SALT LAKE CITY — Utah's Democratic legislative leaders called education the most critical issue for the state when outlining their goals for this year's session.

"We must focus on quality neighborhood schools and colleges," House Minority Leader David Litvack, D-Salt Lake, said Tuesday at a Capitol press conference called by the minority party.

Litvack lauded teachers' achievements in what he called an underfunded system, but he also said it is not sustainable.

"Utah should have the very best schools in the nation," said Senate Minority Whip Karen Morgan, D-Cottonwood Heights. "We propose that we increase funding for our public schools."

"Utah challenges demand common sense solutions" is the Democrat's main message for this session, Litvack said.

When asked about immigration, Litvack said he knows it is going to be a critical issue. "We think the place to start is the Utah Compact," he said.

The Utah Compact calls for Utah lawmakers to lead efforts in strengthening federal immigration laws and protecting national borders. It has been endorsed by The Church of Jesus Christ of Latter-day Saints.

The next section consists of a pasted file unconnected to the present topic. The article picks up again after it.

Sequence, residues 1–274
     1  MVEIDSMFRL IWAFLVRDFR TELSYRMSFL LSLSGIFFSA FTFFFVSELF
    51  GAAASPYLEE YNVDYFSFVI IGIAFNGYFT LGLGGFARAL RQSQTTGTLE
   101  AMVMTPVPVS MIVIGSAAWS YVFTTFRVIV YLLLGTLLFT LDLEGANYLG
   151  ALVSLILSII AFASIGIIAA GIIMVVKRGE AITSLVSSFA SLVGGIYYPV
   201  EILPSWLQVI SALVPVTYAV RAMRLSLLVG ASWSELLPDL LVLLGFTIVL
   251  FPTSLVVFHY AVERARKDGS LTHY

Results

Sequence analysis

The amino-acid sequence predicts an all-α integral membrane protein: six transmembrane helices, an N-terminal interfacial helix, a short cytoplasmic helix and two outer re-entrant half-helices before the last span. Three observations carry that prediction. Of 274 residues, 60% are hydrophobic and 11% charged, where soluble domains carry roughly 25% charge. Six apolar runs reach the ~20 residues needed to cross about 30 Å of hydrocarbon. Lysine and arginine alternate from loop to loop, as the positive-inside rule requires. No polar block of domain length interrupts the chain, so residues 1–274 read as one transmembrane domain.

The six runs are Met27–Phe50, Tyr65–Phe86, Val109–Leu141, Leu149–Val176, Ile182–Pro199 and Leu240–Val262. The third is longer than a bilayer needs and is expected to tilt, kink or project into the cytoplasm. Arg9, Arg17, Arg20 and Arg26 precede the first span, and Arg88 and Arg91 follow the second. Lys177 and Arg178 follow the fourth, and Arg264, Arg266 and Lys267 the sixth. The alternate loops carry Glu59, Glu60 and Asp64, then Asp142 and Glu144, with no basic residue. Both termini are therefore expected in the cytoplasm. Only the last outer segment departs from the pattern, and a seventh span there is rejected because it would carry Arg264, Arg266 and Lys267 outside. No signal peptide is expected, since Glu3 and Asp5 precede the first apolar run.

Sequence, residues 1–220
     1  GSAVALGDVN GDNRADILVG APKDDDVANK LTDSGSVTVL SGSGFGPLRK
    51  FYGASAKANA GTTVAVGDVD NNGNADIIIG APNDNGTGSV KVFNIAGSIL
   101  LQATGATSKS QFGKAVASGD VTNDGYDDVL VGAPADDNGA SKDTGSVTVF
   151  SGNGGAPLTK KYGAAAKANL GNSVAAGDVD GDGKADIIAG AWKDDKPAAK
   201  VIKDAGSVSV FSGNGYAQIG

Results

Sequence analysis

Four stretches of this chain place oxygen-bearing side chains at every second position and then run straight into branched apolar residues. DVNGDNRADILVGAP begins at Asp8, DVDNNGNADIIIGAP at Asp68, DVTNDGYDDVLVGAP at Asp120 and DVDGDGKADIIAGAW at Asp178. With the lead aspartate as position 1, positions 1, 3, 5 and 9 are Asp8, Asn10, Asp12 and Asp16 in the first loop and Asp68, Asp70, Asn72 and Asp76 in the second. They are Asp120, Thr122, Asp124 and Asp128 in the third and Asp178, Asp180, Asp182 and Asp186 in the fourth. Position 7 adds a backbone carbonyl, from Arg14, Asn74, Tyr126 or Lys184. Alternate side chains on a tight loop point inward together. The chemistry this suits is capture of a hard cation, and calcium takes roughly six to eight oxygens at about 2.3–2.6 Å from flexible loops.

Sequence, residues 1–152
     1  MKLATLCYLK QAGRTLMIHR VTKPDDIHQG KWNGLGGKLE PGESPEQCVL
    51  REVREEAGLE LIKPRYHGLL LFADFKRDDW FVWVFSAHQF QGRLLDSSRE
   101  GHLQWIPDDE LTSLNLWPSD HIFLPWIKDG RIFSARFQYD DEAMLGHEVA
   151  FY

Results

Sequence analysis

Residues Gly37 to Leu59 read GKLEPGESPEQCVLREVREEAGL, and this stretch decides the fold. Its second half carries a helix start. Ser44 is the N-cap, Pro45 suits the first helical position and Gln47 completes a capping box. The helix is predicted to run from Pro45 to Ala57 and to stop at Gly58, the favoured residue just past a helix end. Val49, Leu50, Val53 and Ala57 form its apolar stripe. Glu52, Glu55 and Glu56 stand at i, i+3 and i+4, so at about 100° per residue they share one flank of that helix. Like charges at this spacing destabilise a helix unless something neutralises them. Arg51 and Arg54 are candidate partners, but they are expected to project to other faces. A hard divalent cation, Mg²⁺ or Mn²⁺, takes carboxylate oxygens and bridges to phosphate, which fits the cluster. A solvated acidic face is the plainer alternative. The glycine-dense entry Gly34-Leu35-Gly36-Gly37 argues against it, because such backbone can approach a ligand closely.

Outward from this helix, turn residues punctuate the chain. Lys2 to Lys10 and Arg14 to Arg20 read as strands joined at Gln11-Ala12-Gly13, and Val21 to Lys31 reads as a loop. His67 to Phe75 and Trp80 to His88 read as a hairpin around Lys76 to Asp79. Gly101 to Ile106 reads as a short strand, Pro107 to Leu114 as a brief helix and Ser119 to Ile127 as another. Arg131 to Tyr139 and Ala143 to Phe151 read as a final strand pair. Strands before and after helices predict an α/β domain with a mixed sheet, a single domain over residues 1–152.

Leaders expressed concern over the structural imbalance created by some $313 million in federal stimulus funds and other one-time revenues that won't be available in the new fiscal year that begins July 1.

Specifically, Senate Assistant Minority Whip Pat Jones, D-Holladay, voiced concern over what she described as a $25 million dollar "hole" in the health and human services budget.

Jones said she agreed with GOP Gov. Gary Herbert's plan to avoid loss of services in his proposed state budget.

"We would support that budget," she said.